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Lecture 18

# STAT 100 Lecture 18: Inference When Sigma is Unknown Premium

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School
University of Maryland
Department
Statistics and Probability
Course
STAT 100
Professor
Cremins
Semester
Spring

Description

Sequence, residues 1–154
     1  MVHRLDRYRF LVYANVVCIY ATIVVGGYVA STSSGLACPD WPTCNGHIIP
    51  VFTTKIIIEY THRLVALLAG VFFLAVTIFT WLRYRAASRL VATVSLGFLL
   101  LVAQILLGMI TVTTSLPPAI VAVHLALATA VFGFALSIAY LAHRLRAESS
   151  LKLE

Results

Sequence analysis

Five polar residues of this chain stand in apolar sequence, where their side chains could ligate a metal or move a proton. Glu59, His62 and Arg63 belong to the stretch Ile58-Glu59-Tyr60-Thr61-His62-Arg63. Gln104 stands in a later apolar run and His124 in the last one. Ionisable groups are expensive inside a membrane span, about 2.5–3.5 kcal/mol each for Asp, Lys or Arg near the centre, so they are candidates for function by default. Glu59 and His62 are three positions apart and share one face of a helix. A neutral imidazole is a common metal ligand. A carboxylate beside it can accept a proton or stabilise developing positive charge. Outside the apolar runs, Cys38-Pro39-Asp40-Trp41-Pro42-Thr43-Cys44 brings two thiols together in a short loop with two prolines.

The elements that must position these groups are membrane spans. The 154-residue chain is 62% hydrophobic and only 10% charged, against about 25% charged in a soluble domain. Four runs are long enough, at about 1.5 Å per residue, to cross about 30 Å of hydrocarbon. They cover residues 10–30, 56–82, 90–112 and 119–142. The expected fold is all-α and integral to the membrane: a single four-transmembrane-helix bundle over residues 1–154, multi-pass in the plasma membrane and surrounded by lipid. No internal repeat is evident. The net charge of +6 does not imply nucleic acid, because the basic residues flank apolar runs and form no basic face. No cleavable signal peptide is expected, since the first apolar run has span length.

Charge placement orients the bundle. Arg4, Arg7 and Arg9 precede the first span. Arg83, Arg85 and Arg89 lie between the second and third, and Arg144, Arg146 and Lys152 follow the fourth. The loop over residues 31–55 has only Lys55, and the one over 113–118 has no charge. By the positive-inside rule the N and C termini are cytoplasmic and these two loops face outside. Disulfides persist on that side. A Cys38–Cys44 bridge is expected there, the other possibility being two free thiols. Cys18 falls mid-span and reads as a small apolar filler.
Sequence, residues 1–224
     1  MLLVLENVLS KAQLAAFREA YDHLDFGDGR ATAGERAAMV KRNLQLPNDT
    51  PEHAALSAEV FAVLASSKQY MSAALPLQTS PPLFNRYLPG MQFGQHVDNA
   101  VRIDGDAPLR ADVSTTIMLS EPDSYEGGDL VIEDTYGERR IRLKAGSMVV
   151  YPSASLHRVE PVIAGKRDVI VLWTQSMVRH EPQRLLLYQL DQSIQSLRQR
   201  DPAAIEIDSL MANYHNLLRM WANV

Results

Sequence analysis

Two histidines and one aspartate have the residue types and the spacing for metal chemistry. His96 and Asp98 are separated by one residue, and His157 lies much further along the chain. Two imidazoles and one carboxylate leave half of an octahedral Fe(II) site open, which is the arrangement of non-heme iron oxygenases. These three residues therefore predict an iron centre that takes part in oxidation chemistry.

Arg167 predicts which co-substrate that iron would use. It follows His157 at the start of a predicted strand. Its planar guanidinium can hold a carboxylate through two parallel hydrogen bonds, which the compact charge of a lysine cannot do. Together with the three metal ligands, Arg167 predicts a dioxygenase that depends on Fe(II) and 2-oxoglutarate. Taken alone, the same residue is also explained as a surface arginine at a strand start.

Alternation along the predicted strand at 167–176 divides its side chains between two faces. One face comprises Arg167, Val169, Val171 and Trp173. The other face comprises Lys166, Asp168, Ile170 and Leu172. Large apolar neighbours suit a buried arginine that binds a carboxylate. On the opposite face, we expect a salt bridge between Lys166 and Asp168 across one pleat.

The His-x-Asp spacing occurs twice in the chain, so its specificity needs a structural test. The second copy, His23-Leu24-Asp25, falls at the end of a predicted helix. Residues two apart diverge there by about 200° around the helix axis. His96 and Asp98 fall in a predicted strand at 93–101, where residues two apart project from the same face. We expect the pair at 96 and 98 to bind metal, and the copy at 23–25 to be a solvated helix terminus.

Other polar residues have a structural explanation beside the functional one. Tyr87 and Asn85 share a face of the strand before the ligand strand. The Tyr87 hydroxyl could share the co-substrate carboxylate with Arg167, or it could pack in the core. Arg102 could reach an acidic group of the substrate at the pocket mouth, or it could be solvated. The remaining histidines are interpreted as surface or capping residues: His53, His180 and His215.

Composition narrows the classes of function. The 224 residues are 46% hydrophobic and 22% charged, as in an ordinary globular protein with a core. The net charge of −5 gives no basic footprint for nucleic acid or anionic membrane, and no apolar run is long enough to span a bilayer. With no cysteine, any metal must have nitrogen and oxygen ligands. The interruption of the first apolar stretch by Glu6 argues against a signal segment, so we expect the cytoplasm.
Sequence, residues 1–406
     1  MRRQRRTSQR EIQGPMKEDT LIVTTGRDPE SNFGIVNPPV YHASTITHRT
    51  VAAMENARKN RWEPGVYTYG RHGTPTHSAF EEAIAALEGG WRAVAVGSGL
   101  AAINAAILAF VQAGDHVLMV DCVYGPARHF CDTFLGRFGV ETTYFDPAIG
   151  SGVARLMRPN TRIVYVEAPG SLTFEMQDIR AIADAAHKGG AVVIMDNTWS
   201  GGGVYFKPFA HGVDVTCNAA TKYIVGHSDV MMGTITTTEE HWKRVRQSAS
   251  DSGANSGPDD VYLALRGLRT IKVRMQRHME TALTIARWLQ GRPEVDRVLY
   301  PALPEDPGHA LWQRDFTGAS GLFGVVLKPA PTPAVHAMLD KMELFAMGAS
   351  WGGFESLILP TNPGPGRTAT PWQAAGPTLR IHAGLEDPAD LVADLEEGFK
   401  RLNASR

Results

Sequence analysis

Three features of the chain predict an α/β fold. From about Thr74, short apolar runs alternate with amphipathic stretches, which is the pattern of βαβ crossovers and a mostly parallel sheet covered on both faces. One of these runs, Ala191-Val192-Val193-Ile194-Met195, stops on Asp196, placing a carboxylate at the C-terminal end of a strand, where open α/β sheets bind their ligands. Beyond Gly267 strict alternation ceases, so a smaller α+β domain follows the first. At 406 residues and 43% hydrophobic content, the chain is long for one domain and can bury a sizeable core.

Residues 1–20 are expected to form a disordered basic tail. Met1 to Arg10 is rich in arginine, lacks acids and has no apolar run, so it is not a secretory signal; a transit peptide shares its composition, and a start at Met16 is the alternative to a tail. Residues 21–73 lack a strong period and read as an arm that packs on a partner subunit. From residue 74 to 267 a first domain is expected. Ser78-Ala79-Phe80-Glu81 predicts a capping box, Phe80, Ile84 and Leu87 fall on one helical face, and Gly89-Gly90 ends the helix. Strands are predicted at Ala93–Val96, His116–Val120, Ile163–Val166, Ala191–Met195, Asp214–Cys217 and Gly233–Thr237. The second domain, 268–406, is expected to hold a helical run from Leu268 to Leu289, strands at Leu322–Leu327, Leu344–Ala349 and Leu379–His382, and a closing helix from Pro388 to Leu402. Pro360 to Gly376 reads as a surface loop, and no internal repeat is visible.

Week 14 Lecture 18 April 26th, 2017 Inference when Sigma is Unknown The t Distributions When the sampling distribution of (x-bar) is close to Normal, we can ﬁnd probabilities involving (x-bar) by standardizing: z = (x-bar) — m ÷ s / √n When we don’t know ç, we can estimate it using the sample standard deviation sx. What happens when we standardize? This new statistic does not have a Normal distribution! Standard Error When ç is Unknown When we do not know the population standard deviation ç (which is usually the case), we must estimate it with the sample standard deviation s. When the standard deviation of a statistic is estimated from data, the result is called the standard error of the statistic. The standard error of the sample mean is: s ÷ √n The t Distributions When we standardize based on the sample standard deviation sx, our statistic has a new distribution called a t distribution. It has a different shape than the standard Normal curve: It is symmetric with a single peak at 0, however it has much more area in the tails. Like any standardized statistic, t tells us how far (x-bar) is from its mean µ in standard deviation units. However, there is a different t distribution for each sample size, speciﬁed by its degrees of freedom (df). The t density curve is similar in shape to the standard Normal curve. They are both symmetric about 0 and bell-shaped. The spread of the t distributions is a bit greater than that of the standard Normal curve (i.e., the t curve is slightly “fatter”). As the degrees of freedom increase, the t density curve approaches the N(0,1) curve more closely. This is because s estimates ç more accurately as the sample size increases. When we perform inference about a population mean µ using a t distribution, the appropriate degrees of freedom are found by subtracting 1 from the sample size n, making df = n — 1. Draw an SRS of size n from a large population that has a Normal distribution with mean µ and standard deviation ç. The one-sample t statistic: t = (x-bar) - m ÷ sx ÷ √n has the t distribution with degrees of freedom df = n — 1. When comparing the density curves of the standard Normal distribution and t distributions, several facts are apparent: The density curves of the t distributions are similar in shape to the standard Normal curve. The spread of the t distributions is a bit greater than that of the standard Norm
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